The old adage goes that if at first you don’t succeed, try, try again. With set-backs at the state and federal levels, it is not surprising that the Obama administration would dejectedly turn to an international treaty to push its gun control agenda. In a speech following the recent Washington Navy Yard Shooting, President Obama castigated Republicans for opposing his agenda. “As long as there are those who fight to make it as easy as possible for dangerous people to get their hands on a gun,” the President proclaimed, “then we’ve got to work as hard as possible for the sake of our children.” It is unfortunate to hear such hateful rhetoric, usually reserved to pundits, coming out of the Commander-in-Chief’s mouth. This quote is especially important in the context of the administration signing of the United Nations Arms Treaty.
The United States’ Constitution was deliberately designed to spread governmental power across the legislative, executive, and judicial branches to limit the capacity for tyranny. While a strong executive was recognized as essential, this authority was to be balanced by the judiciary and legislature. Even though the president was to be elected through the Electoral College, the importance of popular opinion was not lost on our nation’s founders. James Madison wrote that for liberty, “it is particularly essential that the [Congress] should have an immediate dependence on, and an intimate sympathy with the People.” That is why, even with all the enumerated executive powers, the Congress is still given authority over issues like declarations of war, taxation, and the ratification of treaties.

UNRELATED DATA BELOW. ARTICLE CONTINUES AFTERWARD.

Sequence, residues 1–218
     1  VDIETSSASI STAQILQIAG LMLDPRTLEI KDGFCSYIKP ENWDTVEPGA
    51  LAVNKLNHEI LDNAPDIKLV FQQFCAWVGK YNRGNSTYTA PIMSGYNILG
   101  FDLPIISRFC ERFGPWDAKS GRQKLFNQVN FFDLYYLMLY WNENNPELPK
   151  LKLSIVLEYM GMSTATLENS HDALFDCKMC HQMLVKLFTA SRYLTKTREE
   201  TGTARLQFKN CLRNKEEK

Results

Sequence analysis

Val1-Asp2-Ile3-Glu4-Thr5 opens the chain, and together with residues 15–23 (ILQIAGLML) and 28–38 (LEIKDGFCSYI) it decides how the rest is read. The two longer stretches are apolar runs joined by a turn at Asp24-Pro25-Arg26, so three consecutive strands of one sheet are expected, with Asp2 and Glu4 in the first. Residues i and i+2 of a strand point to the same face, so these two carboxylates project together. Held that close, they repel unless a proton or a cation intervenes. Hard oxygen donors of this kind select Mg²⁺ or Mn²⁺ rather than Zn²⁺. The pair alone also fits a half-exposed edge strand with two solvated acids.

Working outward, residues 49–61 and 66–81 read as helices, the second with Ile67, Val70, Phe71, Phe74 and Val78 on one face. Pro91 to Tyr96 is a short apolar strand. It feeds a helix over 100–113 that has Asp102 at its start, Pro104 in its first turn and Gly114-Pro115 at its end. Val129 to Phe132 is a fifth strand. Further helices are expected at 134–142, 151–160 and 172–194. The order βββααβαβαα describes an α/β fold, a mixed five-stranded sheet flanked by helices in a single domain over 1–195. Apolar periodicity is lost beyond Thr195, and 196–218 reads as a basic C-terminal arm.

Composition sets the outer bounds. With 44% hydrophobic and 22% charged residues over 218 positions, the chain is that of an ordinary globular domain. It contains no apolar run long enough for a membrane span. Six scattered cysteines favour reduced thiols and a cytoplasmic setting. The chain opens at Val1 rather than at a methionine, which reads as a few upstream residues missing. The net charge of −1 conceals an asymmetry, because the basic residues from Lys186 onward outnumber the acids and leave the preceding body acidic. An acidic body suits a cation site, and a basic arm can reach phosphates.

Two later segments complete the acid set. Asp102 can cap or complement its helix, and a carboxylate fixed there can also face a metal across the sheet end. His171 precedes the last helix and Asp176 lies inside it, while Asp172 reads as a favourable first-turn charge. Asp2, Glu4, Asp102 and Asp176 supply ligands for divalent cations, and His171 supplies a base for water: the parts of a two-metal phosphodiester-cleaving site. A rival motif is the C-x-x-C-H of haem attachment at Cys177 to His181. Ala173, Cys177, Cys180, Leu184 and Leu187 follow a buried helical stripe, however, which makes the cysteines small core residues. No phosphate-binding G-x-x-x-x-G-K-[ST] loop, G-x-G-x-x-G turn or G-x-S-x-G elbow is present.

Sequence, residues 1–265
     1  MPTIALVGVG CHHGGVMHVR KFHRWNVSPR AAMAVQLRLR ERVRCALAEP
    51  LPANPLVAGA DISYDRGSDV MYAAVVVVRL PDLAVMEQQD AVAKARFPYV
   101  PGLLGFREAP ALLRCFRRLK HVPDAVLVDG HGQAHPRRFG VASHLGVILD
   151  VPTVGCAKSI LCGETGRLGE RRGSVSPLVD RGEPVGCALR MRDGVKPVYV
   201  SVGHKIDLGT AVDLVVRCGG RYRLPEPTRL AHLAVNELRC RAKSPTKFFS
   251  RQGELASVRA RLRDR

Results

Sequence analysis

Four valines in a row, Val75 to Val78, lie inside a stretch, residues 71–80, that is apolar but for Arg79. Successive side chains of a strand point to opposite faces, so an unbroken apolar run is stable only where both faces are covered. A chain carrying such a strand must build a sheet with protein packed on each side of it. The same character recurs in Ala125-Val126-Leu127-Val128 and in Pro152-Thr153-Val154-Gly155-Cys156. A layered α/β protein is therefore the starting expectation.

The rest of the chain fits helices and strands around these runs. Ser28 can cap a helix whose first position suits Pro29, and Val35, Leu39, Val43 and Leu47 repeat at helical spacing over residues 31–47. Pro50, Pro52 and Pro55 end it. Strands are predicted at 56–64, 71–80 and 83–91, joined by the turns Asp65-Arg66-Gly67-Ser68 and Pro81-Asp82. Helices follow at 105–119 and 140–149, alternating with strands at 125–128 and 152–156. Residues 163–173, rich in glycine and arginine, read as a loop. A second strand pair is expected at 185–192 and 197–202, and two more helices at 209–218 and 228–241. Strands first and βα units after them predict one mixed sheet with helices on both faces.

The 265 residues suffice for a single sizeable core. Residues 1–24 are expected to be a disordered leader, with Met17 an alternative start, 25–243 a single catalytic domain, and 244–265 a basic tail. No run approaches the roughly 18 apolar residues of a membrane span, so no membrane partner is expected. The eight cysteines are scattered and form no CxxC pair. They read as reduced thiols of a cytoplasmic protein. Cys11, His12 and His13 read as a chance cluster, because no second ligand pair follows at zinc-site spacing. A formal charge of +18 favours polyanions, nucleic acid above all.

The Constitution is the first document of its kind to recognize that governmental power is derived from the consent of the governed. Rather than impose restrictions on the populace, the United States Constitution deliberately limits what the government is authorized to do. This focus on enumerated powers is uniquely American and evolved from the Eighteenth Century American experience. It is the same document that specifically outlaws the quartering of soldiers in private homes, something that in any other country would probably go without saying.